Tuesday, February 16, 2016

Review: LEAVING RUSSIA: A JEWISH STORY, by Maxim D. Shrayer

Leaving Russia: A Jewish Story, by Maxim D. Shrayer. Published 2013 by Syracuse University Press. Nonfiction. Memoir.

Leaving Russia is a detailed account of one family's struggle to emigrate from Russia, set in Moscow and elsewhere in the Soviet Union in the 1970s and 1980s.

Full disclosure: I interviewed Shrayer in 2008 when I worked for the Association of Jewish Libraries and featured his collection of short stories Yom Kippur in Amsterdam on their blog and mine; I have since kept in touch with him via social media including Facebook and while I have not met him in person, he is someone I know a little bit and I thought you should know that up front.

Anyway, that aside, I finally got around to reading his memoir recently, and it's pretty excellent, especially for readers interested in Soviet refuseniks and Jewish emigration from the former Soviet Union. The book covers Shrayer's life from his teen years through age 20, when he left with his parents David and Emilia. It's quite a searing portrait both of Soviet life as the Soviet Union was on the verge of collapse and the very daunting struggles of Jewish refuseniks to carve out a life while they waited to leave. He and his family live at the mercy of a capricious bureaucracy capable of both arbitrary and systemic antisemitism. They find community with other refuseniks but Shrayer lives a double life, a good student and ordinary kid outside the home, and a persecuted rebel at home. And then there are the times when his two lives overlap.

He writes with great affection about his friends and especially his family. The love he has for his parents radiates from the pages. He clearly idolizes his father, a fellow writer and his role model in so many parts of his life. And his admiration for his mother and her sacrifices, including the physical danger she has from time to time put herself in to support their refusenik cause is also quite palpable. He also shares the vivid world of the friendships and adventures that sustained him and have stayed with him. At the same time there is no doubt that the USSR was a hostile place for him and his family.

I enjoyed reading Shrayer's book a lot for both the refusenik story and the details about Soviet life it offers. This is after all a disappeared world, and I would place it alongside the other leaving-the-USSR memoirs I've read, like Elena Gorokhova's Mountain of Crumbs and Tina Grimberg's Out of Line. As a story about Jewish emigration Shrayer's story has more in common with Grimberg's but Grimberg's book was written for a middle-reader audience while Shrayer's book is unambiguously written for an adults. That said, I don't think there's anything inappropriate for a teen reader interested in the subject of the refusenik movement. It's a very moving, detailed and fascinating story about one family's experience of something that happened to so many families, as well as one young man's coming of age.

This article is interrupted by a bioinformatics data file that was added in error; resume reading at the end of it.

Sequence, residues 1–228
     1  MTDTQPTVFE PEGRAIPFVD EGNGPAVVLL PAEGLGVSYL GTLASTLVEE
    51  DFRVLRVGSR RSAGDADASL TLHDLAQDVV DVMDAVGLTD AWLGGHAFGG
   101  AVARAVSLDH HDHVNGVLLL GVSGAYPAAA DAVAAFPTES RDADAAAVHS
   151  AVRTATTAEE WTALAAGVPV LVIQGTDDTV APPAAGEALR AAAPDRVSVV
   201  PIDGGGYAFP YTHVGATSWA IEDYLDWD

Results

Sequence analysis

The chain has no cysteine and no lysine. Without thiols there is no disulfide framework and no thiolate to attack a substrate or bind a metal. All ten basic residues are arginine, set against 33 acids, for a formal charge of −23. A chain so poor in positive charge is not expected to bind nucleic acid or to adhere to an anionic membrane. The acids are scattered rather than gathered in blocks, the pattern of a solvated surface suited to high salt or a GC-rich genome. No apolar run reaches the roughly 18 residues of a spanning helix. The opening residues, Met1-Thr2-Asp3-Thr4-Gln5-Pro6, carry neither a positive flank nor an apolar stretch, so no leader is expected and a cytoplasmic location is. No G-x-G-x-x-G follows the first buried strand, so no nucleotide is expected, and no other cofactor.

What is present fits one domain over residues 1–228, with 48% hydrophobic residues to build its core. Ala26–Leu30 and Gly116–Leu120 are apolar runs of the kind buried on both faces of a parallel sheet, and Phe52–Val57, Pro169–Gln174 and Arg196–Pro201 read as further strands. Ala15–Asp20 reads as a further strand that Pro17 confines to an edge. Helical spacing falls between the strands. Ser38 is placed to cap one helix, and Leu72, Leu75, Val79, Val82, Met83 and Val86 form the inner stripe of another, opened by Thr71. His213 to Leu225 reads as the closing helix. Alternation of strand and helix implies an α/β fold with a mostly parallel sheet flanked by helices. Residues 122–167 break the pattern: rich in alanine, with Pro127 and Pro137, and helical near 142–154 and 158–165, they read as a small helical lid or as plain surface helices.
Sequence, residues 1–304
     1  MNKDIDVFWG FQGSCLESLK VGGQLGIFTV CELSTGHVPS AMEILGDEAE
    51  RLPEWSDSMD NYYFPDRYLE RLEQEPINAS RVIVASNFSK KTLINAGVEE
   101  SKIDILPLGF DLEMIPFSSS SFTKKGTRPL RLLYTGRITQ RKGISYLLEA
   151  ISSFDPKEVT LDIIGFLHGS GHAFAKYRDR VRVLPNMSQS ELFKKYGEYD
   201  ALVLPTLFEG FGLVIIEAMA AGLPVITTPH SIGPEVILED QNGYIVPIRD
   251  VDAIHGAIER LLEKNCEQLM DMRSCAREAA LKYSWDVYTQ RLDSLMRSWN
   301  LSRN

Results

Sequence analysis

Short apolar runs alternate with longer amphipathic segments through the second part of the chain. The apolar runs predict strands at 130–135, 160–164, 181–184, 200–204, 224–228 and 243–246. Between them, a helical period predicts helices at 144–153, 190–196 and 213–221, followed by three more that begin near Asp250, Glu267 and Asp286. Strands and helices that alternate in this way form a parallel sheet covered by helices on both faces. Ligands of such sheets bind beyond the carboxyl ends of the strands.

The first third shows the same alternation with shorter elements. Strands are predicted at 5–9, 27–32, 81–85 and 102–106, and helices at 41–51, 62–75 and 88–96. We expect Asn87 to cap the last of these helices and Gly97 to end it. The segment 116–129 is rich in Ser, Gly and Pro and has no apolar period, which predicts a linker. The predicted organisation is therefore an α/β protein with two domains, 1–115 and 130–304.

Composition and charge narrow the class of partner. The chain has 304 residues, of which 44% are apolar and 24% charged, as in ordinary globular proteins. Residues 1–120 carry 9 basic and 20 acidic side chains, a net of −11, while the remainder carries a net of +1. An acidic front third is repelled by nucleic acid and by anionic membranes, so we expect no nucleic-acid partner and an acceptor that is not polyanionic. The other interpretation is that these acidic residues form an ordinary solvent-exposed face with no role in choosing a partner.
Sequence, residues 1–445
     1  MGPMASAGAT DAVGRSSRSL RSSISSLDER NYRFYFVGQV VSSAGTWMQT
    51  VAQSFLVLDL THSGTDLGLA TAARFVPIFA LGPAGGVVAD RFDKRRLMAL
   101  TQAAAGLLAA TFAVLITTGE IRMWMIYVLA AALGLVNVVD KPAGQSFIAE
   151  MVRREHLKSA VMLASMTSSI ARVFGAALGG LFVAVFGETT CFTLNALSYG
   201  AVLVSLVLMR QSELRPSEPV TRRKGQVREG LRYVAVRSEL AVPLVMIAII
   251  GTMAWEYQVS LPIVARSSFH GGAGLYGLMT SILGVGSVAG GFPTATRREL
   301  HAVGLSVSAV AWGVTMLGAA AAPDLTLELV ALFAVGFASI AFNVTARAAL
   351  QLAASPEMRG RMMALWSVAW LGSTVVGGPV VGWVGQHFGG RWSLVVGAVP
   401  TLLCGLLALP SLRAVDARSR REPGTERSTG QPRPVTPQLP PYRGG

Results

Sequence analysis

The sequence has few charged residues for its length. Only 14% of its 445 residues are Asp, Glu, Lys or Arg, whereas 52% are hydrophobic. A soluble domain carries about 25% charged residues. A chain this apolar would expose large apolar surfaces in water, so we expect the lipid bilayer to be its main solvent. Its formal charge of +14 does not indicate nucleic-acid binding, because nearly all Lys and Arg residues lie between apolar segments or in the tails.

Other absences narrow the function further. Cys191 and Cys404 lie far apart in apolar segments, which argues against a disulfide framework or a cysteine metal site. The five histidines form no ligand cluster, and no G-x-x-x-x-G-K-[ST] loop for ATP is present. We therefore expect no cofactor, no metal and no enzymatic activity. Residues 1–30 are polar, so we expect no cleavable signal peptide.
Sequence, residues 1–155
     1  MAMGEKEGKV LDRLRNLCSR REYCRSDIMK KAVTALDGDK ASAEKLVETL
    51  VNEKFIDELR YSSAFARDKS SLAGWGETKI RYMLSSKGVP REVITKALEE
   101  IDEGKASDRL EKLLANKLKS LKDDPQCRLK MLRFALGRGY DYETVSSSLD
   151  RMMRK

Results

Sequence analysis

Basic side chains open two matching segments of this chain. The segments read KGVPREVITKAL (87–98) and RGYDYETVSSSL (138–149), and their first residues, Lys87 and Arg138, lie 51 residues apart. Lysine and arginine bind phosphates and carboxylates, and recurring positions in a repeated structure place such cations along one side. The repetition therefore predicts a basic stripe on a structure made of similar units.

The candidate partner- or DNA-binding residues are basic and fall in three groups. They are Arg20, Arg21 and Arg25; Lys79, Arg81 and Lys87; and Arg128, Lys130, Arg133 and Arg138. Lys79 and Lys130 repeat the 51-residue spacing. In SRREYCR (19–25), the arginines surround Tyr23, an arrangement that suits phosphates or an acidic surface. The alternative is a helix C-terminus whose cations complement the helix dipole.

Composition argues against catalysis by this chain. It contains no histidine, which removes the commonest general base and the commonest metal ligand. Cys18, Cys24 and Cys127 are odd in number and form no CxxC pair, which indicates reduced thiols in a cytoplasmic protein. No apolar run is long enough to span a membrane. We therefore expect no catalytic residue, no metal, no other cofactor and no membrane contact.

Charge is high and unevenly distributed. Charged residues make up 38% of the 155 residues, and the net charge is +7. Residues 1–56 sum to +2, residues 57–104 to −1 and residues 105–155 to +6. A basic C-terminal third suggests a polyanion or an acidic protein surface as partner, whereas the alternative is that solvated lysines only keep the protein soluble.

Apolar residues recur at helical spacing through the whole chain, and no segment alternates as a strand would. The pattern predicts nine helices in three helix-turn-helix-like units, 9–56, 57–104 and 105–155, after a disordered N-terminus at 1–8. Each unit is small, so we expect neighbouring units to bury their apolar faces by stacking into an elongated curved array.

And on a personal note, as a Cold-War-era kid I will say that until I started working in synagogues I was completely unaware of the extent to which the story of Soviet dissidents was the story of Jewish people who wanted to leave due to antisemitism. For some reason this "detail" was left out of my public-school education, and I would therefore recommend this book very highly to anyone else who doesn't know very much about this subject, regardless of background. It may seem like a "niche" issue but it really isn't, because it's about the big issues of freedom and the power of the imagination to shape the world.

This counts towards the Read My Own Damn Books Challenge.

Rating: BUY

FTC Disclosure: I did not receive a copy of this book for review.